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DGA Says No Progress in Hiring Women, Minority Directors on TV

The

Directors Guild of America

released a report on the employment of women and minority directors by television networks on the “top forty” prime time drama and comedy series for the past three television seasons. The report shows that for the third year in a row, Caucasian males directed more than 80 percent of episodes, and that women and minority directors continue to be missing from some of the best-known series line-ups. The report reveals that in the most recent 2002-2003 season, 13 of the top forty shows have not hired minority directors, 10 have not hired women directors and 3 have excluded both women and minority directors.

“The report reveals that once again the producers and the networks have failed to fulfill their contractual good faith obligation to hire more women and minority directors,” said DGA President Martha Coolidge. “Although for many years we have challenged the industry to open up employment opportunities for women and minorities, and last year made explicit the hiring records of the top forty shows, it is clear from this report that the producers’ and the networks’ commitment to diversity is not reflected in their hiring of directors.”

This is the third season in a row the Guild has tracked the hiring records of the top forty prime time drama and comedy television series. The most recent report shows that of the 860 total episodes studied in 2002-2003, Caucasian males directed 705 (82%); women directed 92 (11%); African Americans, 43 (5%); Latinos, 14 (2%); and Asian Americans directed 8 episodes (1%). The statistics are virtually unchanged from the past two years.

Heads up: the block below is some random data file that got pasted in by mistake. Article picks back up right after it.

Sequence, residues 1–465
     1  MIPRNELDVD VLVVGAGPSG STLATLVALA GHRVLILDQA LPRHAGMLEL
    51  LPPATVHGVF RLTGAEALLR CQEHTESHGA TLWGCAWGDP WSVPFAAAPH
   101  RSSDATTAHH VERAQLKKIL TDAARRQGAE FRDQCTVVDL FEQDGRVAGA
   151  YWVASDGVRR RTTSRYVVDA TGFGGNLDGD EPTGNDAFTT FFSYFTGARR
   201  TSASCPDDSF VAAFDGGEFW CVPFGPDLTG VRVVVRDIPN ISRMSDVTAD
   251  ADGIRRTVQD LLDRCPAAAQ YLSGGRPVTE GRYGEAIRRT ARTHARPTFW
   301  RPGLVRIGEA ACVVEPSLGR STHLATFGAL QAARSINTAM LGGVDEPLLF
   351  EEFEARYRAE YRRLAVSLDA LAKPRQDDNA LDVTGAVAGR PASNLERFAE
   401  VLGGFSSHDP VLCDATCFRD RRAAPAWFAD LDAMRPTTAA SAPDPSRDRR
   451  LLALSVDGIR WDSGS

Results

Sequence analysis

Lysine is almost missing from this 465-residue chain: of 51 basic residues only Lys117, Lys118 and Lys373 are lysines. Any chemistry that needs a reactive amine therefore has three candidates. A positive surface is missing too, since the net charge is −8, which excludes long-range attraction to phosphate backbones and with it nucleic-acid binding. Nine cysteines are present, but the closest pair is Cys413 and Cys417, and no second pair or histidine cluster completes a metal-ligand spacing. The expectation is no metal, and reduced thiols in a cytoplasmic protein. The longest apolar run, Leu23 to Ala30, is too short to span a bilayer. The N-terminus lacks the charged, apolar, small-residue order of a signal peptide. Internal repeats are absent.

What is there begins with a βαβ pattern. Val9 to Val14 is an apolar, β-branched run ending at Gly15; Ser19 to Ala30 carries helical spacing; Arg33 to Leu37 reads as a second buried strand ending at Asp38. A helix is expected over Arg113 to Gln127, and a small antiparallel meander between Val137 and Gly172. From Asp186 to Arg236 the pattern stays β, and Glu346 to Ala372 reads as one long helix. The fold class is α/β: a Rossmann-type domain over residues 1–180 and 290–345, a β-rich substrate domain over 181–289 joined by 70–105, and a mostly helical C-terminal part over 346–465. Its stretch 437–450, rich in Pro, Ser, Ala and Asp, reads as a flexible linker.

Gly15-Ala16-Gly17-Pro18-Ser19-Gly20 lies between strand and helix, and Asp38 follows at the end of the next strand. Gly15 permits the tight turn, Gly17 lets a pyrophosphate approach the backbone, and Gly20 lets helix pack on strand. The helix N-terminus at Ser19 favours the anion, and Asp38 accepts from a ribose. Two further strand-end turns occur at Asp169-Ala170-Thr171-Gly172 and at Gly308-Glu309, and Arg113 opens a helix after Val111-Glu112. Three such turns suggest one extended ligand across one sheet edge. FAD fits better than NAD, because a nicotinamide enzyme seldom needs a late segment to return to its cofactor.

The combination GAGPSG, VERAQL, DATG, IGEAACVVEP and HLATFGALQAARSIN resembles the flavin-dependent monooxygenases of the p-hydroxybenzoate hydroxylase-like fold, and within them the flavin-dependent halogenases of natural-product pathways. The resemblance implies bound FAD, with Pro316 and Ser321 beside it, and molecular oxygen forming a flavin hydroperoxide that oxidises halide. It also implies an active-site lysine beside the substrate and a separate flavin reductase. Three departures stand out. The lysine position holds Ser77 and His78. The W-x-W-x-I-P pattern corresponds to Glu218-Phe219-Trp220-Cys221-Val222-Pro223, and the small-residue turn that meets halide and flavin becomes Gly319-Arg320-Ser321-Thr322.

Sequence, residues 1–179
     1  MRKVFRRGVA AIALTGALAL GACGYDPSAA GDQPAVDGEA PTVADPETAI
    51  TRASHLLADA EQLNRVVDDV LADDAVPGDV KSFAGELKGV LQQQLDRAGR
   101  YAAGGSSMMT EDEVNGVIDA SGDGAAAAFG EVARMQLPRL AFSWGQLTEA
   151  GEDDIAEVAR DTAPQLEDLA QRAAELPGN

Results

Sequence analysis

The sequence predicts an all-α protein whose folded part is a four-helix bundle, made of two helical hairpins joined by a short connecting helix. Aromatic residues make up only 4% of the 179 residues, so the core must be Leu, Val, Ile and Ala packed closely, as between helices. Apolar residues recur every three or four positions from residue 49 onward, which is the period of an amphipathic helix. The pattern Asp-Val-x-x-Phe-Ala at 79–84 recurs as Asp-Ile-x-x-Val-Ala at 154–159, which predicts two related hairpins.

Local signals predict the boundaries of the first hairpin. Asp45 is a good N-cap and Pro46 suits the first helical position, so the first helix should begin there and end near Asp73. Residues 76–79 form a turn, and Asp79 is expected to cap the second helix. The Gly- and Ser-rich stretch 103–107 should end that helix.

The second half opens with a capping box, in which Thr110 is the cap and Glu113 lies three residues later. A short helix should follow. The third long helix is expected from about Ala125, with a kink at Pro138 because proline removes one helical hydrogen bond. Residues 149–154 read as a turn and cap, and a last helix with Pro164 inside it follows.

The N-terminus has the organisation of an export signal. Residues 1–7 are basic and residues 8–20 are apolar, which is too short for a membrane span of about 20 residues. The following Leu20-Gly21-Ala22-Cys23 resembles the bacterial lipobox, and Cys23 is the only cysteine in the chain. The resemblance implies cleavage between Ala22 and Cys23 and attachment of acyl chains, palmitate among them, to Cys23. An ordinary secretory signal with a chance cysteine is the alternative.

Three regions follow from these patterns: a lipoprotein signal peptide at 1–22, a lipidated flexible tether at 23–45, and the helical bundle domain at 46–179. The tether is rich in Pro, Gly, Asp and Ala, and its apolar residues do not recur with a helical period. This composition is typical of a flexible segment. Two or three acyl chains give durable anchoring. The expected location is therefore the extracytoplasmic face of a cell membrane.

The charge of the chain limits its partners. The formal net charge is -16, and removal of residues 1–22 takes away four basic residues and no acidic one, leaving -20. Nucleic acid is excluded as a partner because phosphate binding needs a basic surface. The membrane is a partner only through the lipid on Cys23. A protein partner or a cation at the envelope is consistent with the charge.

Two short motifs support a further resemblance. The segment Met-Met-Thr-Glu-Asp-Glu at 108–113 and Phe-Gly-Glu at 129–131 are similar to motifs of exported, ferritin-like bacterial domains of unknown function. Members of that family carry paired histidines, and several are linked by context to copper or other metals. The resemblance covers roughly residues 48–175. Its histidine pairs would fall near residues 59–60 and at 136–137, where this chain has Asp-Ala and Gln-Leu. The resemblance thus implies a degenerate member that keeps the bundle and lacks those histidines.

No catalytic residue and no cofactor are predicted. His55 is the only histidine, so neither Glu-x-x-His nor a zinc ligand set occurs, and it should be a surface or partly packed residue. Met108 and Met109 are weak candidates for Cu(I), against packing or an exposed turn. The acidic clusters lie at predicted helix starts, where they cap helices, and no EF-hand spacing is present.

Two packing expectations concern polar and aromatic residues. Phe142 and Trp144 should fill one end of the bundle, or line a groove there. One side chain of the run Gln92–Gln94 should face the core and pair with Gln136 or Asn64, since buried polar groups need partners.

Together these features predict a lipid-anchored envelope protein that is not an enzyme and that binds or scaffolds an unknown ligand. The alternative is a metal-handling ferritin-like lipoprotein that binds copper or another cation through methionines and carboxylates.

The single exception is in the hiring of African American directors, which has increased from 3% (2000-01 season) to 5% (in the most recent 2002-03 season) of total episodes directed. The following are some of the most egregious examples of the exclusion of women and minority directors in the 2002 – 2003 season:

— Three of the top forty prime time series hired no women or minority directors in the 2002-03 season: “CSI:Miami” (CBS/CBS Broadcasting); “Yes, Dear” (CBS/20th Century Fox Film); and “24” (FOX/20th Century Fox Film)

— Thirteen of the top forty prime time series hired no minority directors in the 2002-03 season: “CSI:Miami”; “Yes, Dear”; “24”; “Eight Simple Rules”; “Good Morning Miami”; “My Big Fat Greek Life”; “Judging Amy”; “NYPD Blue”; “Malcolm in the Middle”; “Becker”; “Providence”; “Hidden Hills”; and “According to Jim”

— Ten of the top forty hired no women directors in the 2002-03 season: “CSI:Miami”; “Yes, Dear”; “24”; “CSI”; “Friends”; “JAG”; “King of Queens”; “My Wife and Kids”; “Boomtown”; and “Everybody Loves Raymond” (“Will & Grace”, “Still Standing” and “That 70’s Show” had only one director for the entire series and were not singled out in this report.)

The following shows have demonstrated a three-year pattern of zero or token efforts in hiring women and/or minority directors:

— “Everybody Loves Raymond” (CBS/Talk Productions) has not hired a woman director for any of its 73 episodes over the past three seasons. The show hired minorities to direct 3 out of 73 episodes in the past three seasons.

— “Friends” (NBC/Warner Bros.) has not hired a woman director for any of the 73 episodes of the past three seasons. The show hired one minority director to direct 3 of 73 episodes in the past three seasons.